The airport in Seoul is very modern and easy to navigate around. We collected the suitacases from the baggage reclaim, passed through immigration very swifly and efficiently and managed to find the train to take us to the main Seoul station. From there things got a bit more stressful. For once G's sense of direction let him down. We were under the impression that the hotel was within walking distance of the station, but though we set out cheerfully enough, the river remained elusive and we needed to find the river because the hotel was on the other side of it.
To cut a long story short, we walked and walked and walked. We have now seen a remarkable amount of Seoul, from traditional fish stalls and vegetable stalls set out on the pavement, to the new and shiny tower blocks of offices and apartments
But however far we walked, we seemed to be no nearer the hotel. And then G started to flag. He was seriously tired and we had to stop three times so he could rest. I had been trudging along, aware that my feet had started to hurt, but I had been determined not to complain. It was, therefore, somewhat alarming to realise he just couldn't go on much further. This just never normally happens because he is so much fitter than me. The difference this time was that he hadn't slept at all on the flight whereas I'd slept for 2 and a half hours. The thing is, you know I always complain about the SAD? Well, it does seem to have an unexpected upside when it comes to world air travel. If it's dark, I sleep, if it's light, I'm awake. So whereas G's body clock was telling him that it was still far too early to go to sleep on the plane, my internal lightmeter said, "Ah, the sun has set. Sleep time!" And when we arrived in Korea, G's body clock was saying, "Aaargh!You've just gone all night without any sleep!" my interal light meter says, "Oh, it's getting lighter! Must be day time so I'll stay awake." Though I am yawning now that it's about 5.15 pm here, I'm nowhere near the "I must go to sleep NOW point."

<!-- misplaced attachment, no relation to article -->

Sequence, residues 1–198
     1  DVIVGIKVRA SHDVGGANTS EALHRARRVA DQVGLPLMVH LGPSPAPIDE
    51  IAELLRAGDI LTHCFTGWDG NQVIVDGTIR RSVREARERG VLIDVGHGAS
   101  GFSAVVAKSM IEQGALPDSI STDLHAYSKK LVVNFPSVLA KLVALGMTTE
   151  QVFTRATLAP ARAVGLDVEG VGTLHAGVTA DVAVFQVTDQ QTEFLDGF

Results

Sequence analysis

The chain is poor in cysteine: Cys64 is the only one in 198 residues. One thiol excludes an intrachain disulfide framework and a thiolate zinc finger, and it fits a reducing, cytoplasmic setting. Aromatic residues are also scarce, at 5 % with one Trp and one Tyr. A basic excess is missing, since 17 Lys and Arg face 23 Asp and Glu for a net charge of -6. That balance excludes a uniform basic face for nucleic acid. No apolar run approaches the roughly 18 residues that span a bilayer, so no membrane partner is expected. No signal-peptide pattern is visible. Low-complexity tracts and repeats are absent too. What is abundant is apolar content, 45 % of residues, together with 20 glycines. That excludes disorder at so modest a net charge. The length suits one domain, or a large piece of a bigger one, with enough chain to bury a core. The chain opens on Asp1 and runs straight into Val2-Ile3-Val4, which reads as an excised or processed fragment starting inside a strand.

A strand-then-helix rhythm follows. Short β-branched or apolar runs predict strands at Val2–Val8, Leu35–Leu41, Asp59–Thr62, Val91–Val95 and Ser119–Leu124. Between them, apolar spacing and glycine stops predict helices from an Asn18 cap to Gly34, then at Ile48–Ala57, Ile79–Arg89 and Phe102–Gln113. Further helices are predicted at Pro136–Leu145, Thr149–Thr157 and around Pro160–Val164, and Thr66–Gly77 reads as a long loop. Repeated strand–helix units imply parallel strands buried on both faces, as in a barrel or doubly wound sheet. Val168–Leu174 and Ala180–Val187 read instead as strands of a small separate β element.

With hindsight, we probably should have got a taxi from the station. (But see above about how it was supposed to be near enough to walk.) But I suggested that a taxi was exactly what we needed now
. We crossed the rest of the way over the bridge we had spent so long looking for, which by then we had realised was the wrong bridge and much further along the river than we'd planned to be. Thankfully the first taxi we waved at swerved over to pick us up and from there it was simple. The driver simply typed the hotel's post code into his sat nav and 10 or so minutes later, we made it safely to the Marriott. G immediately went to bed, I had a shower and I'm now relaxing while drinking the complimentary bottle of water and trying not to think about the horrendously expensive snacks in the minibar which, because I am getting hungry, are calling seductively to me. While I rested I once again examined the map we had acquired from a rack outside the little convenience store where we had stopped to buy some very much needed bottles of water. The map seemed to have been caught in a downpour and was utterly soggy, which didn't help the navigation. I spread it out on the desk, smoothing out the damp wrinkles and piecing it back together, trying to work out how we had gone so badly wrong. But we didn't fully work it out until the following day.
A little later, as G said he just wanted to sleep and wasn't hungry, I investigated the hotel cafe-style restaurant where I had a delicious bowl of cream of onion soup and a variety of bread sticks. And so to bed.[Cross-posted from Dreamwidth by way of a backup http://heleninwales.dreamwidth.org/51311.html. If you want to leave a comment, please use whichever site you find most convenient. Comments so far: .]